Buying a REO or foreclosure in Winston-Salem

What is an REO?

REO means Real Estate Owned. These are homes that have been foreclosed upon which the bank or mortage company now owns. This is unlike a property up for foreclosure auction. When buying a property during a foreclosure sale, you must pay at least the loan balance plus any interest and other fees accumulated during the foreclosure process. The buyer must also be able to pay with cash in hand. And on top of all that, you'll get the property totally as is. That might consist of current liens and even current denizens that need to be expelled.

A REO, on the contrary, is a more tidy and attractive deal. The REO property did not find a buyer during foreclosure auction. The lender now owns it. The lender will see to the elimination of tax liens, evict occupants if needed and generally arrange for the issuance of a title insurance policy to the buyer at closing. Note that REOs may be exempt from typical disclosure requirements. For example, in California, banks are exempt from giving a Transfer Disclosure Statement, a document that usually requires sellers to tell you about any defects of which they are informed.

Is an REO in Winston-Salem a bargain?

It is occasionally assumed that any REO must be a bargain and an opportunity for easy money. This isn't necessarily true. You have to be prudent about buying a REO if your intent is to make money off of it. While it's true that the bank is often anxious to sell it quickly, they are also strongly interested to get as much as they can for it. When contemplating the value of a REO, you need to look closely at comparable sales in the neighborhood and be sure to take into account the time and cost of any repairs or remodeling needed to prepare the house for resale. The bargains with money making potential exist, and many people do very well buying foreclosures. Still there are also many REO's that are not good buys and may not be money makers.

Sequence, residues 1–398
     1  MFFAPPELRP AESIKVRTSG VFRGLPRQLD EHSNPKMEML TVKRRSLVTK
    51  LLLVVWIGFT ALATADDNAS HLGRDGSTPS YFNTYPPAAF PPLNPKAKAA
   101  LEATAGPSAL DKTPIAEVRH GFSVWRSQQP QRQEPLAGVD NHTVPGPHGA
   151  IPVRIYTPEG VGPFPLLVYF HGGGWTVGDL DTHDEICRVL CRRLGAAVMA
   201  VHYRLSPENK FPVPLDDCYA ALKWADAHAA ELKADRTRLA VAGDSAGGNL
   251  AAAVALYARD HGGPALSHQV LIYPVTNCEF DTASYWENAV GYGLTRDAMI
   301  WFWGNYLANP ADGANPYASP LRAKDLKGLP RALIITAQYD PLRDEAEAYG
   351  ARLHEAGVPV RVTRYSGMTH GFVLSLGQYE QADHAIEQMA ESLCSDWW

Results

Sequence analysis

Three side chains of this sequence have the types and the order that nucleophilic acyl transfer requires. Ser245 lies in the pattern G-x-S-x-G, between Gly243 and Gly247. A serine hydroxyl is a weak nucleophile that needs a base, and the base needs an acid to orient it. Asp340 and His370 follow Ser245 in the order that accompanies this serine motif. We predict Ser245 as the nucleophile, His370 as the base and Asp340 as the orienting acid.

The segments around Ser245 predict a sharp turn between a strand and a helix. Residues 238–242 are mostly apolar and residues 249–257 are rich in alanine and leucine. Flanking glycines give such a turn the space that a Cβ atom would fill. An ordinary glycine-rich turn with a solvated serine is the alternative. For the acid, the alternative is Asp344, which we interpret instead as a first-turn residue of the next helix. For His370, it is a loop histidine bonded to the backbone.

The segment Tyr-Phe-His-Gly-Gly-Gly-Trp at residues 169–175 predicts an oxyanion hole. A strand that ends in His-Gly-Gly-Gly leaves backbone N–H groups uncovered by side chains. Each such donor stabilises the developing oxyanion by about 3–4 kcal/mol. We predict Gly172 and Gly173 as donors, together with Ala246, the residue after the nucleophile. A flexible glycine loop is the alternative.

Ready to make an offer?

Most mortgage companies have a REO department that you'll work with while buying a REO property from them. Typically the REO department will use a listing agent to get their REO properties listed on the local MLS. Before making your offer, you'll want to contact either the listing agent or REO department at the bank and discover as much as you can about what they know regarding the condition of the property and what their process is for taking offers. Since banks usually sell REO properties "as is", it may be in your best interest to include an inspection contingency in your offer that gives you time to check for hidden damage and withdraw the offer if you find it.

As with making any offer on real estate, providing documentation of your ability to pay may make your offer more attractive, such as a pre-approval letter from a lender. After you've submitted your offer, you can expect the bank to respond with a counter offer. At this point it will be your decision whether to accept their counter, or offer a counter to the counter offer. Realize, you'll be dealing with a process that generally involves several people at the bank, and they don't work evenings or weekends. It's not unusual for the process of offers and counter offers to take days or even weeks.